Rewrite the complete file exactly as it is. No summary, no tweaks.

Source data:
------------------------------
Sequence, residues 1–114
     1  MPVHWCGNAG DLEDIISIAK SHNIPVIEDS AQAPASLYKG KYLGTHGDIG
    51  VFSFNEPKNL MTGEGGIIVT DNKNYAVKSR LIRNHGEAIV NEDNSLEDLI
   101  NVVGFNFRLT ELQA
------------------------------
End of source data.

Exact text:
Sequence, residues 1–114
     1  MPVHWCGNAG DLEDIISIAK SHNIPVIEDS AQAPASLYKG KYLGTHGDIG
    51  VFSFNEPKNL MTGEGGIIVT DNKNYAVKSR LIRNHGEAIV NEDNSLEDLI
   101  NVVGFNFRLT ELQA